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Consider the normed space $(C([0,1]),||\cdot||_{\infty})$. Define $F:C([0,1])\to C([0,1])$ by


Show that $F$ is continuous with respect to $||\cdot||_{\infty}$.

I've attempted to show this like so:

Let $f_{0}\in C([0,1])$. We want to show that $F$ is continuous at $F_{0}$.
Let $\epsilon>0$. Choose $\delta= ?$

Then for $f\in C$ such that $||f-f_{0}||_{\infty}<\delta$, we have: $||F(f)-F(f_{0})||_{\infty}\le ||f^2-f_{0}^2||_{\infty}\le ||(f-f_{0})(f+f_{0})||_{\infty}$

I seem to have hit a dead end, and don't even know if the last part is useful. Any tips?

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What is $g$? It appears in the question but not in your solution... – user12477 Mar 7 '12 at 21:57
In your computation if seems that $F(f)=f^2$ but at the beginning it's written $F(f)=f+g$. – Davide Giraudo Mar 7 '12 at 21:57
My apologies, I've fixed that (the $f+g$ was from the previous question in the book). – dplanet Mar 7 '12 at 22:00
Thanks for the fix. Your attempt is moving in the right direction: the key now is to make sure that $||f+f_0||_\infty$ doesn't get too big. Try comparing with the proof that the function $s:\mathbf{R}\to\mathbf{R}$ with $s(x)=x^2$ is continuous. – user12477 Mar 7 '12 at 22:04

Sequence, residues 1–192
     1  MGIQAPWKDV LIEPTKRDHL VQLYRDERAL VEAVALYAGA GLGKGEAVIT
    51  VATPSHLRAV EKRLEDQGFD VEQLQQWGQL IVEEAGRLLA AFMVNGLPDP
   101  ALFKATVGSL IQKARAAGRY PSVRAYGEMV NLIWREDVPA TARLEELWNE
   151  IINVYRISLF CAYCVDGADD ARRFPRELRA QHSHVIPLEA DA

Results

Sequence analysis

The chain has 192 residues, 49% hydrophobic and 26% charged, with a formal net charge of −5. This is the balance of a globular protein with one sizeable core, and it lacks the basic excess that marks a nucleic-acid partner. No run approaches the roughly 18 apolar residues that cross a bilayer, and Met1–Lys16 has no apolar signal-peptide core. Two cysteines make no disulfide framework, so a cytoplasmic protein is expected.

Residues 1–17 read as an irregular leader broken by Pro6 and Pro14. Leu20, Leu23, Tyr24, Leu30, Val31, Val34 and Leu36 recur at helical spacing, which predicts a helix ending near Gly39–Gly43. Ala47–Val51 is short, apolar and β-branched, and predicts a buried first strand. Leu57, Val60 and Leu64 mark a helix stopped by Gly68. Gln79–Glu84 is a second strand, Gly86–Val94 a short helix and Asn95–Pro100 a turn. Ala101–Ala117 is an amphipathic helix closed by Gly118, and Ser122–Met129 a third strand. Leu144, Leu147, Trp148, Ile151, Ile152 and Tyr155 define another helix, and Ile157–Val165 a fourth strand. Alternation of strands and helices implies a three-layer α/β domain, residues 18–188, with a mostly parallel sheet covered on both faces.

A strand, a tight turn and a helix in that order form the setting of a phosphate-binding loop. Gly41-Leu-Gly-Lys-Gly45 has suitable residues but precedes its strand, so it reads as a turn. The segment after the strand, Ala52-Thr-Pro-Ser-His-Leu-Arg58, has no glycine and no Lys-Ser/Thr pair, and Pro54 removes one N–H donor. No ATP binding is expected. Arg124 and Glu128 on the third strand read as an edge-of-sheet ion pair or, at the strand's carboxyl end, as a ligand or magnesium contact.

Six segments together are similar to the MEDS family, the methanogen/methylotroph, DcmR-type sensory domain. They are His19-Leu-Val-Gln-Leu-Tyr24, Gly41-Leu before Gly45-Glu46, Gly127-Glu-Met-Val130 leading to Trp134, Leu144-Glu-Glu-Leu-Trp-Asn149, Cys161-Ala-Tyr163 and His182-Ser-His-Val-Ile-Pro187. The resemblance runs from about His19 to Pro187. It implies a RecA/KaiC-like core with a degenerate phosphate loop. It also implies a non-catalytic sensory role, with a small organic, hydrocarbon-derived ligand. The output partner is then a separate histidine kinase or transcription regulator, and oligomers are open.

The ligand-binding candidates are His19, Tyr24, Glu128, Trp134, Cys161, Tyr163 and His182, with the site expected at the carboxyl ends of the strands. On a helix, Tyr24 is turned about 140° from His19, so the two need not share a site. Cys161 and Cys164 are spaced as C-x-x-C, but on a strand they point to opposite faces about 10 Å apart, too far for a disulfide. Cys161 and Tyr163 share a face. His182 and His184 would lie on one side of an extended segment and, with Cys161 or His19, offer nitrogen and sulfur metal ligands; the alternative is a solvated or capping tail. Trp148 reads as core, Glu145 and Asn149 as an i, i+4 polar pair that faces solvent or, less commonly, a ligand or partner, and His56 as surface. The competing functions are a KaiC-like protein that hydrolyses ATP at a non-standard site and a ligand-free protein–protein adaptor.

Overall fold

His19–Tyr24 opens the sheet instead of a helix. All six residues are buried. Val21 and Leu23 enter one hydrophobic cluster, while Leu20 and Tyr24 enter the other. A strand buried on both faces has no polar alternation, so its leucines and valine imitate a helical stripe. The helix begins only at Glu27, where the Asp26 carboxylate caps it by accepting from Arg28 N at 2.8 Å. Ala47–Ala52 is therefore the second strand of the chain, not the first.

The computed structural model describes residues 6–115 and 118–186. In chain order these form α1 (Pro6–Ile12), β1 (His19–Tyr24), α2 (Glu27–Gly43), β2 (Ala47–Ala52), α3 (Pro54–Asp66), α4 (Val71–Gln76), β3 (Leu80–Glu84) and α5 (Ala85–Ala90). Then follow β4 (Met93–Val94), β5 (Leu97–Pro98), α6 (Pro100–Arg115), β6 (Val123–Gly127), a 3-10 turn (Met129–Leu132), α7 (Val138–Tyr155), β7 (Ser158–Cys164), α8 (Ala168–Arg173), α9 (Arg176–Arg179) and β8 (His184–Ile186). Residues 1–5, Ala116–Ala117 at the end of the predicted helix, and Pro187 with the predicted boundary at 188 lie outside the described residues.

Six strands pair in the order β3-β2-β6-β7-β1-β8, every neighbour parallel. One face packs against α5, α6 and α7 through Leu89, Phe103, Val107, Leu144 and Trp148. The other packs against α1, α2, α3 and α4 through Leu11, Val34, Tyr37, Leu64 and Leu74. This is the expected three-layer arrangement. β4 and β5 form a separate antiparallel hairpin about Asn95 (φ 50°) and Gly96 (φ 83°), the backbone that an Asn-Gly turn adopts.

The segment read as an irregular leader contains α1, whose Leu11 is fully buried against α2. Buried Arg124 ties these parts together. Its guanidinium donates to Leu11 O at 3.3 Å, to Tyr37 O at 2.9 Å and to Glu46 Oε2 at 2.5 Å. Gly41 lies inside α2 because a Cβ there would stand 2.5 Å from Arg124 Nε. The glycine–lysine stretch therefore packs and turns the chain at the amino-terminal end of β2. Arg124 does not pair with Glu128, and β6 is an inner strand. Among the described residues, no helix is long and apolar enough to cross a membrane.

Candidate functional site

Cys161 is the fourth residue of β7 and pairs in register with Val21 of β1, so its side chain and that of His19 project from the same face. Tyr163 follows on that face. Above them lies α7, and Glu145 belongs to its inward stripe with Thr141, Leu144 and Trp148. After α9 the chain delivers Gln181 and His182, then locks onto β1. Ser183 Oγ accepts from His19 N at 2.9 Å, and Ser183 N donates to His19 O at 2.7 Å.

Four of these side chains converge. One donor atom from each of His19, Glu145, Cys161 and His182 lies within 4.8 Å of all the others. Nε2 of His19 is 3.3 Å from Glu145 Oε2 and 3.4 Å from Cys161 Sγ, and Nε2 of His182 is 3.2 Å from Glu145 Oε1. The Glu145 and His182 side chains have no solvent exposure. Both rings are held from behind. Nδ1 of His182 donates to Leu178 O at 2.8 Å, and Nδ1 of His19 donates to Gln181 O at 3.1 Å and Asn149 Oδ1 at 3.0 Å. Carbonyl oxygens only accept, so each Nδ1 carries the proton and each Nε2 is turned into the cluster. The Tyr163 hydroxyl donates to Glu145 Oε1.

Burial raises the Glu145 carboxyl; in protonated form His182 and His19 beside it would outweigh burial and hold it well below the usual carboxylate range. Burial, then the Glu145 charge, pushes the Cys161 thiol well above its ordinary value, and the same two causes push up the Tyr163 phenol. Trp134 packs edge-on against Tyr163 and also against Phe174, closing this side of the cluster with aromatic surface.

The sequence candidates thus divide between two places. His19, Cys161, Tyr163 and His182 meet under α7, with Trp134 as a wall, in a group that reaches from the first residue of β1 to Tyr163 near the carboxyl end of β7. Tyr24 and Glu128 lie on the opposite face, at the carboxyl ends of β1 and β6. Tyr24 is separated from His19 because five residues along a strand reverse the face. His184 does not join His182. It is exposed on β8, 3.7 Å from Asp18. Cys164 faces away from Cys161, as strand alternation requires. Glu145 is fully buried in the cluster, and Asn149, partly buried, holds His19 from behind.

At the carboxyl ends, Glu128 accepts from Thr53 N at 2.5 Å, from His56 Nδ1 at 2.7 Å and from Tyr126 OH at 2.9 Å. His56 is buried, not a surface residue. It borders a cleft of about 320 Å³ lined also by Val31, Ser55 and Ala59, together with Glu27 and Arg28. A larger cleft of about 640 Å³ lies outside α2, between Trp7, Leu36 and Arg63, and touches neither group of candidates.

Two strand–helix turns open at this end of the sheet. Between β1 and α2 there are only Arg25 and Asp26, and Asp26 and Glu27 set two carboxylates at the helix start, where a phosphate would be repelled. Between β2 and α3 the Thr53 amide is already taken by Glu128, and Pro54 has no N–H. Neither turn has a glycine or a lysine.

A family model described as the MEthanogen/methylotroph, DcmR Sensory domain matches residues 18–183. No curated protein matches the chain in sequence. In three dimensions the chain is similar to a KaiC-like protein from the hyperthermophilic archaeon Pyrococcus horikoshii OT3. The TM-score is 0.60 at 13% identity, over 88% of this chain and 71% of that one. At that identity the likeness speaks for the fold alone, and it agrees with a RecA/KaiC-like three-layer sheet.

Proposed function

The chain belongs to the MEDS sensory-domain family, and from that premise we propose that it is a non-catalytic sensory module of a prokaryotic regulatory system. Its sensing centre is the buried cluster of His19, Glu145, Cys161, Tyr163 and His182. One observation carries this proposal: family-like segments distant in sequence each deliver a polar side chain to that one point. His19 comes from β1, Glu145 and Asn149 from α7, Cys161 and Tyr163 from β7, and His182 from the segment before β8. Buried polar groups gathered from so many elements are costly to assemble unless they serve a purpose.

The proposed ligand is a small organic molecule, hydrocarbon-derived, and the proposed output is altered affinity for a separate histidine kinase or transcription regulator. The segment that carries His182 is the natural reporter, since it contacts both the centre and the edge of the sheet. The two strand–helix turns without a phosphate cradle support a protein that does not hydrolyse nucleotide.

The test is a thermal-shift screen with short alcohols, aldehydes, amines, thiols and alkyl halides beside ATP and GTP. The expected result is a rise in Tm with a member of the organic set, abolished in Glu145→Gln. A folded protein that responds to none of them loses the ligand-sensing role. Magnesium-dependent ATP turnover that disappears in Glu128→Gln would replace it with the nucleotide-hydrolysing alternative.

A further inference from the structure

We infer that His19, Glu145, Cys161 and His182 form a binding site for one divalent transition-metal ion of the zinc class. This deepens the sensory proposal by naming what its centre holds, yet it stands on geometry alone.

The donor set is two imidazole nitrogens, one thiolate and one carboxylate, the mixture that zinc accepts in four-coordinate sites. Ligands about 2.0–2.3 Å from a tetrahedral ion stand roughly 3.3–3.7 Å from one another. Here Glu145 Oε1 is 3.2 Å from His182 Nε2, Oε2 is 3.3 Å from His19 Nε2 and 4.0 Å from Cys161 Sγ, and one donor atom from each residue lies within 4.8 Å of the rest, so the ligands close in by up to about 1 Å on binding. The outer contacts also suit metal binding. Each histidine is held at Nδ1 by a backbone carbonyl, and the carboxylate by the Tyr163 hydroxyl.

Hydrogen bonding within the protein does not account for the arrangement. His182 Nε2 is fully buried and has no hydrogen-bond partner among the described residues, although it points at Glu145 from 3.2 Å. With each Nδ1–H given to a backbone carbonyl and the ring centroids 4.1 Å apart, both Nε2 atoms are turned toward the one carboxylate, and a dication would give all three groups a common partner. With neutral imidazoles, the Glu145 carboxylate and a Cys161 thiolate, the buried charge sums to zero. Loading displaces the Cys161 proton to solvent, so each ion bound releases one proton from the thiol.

up vote 1 down vote accepted

We have if $\lVert f-f_0\rVert\leq \delta$ that $$\lVert f+f_0\rVert\leq \lVert f-f_0\rVert +2\lVert f_0\rVert\leq \delta+2\lVert f_0\rVert$$ and we can assume for example that $\delta\leq 1$, so if $\lVert f-f_0\rVert\leq \delta$ we have $$\lVert F(f_0)-F(f)\rVert\leq (1+2\lVert f_0\rVert)\lVert f-f_0\rVert\leq (1+2\lVert f_0\rVert)\delta,$$ so we can choose $\delta:=\frac 1{1+2\lVert f_0\rVert}\varepsilon$.

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Why can we assume that $\delta \le 1$? – dplanet Mar 7 '12 at 22:12
If $\delta$ work$, $\min(\delta,1)$ will work too. – Davide Giraudo Mar 7 '12 at 22:13

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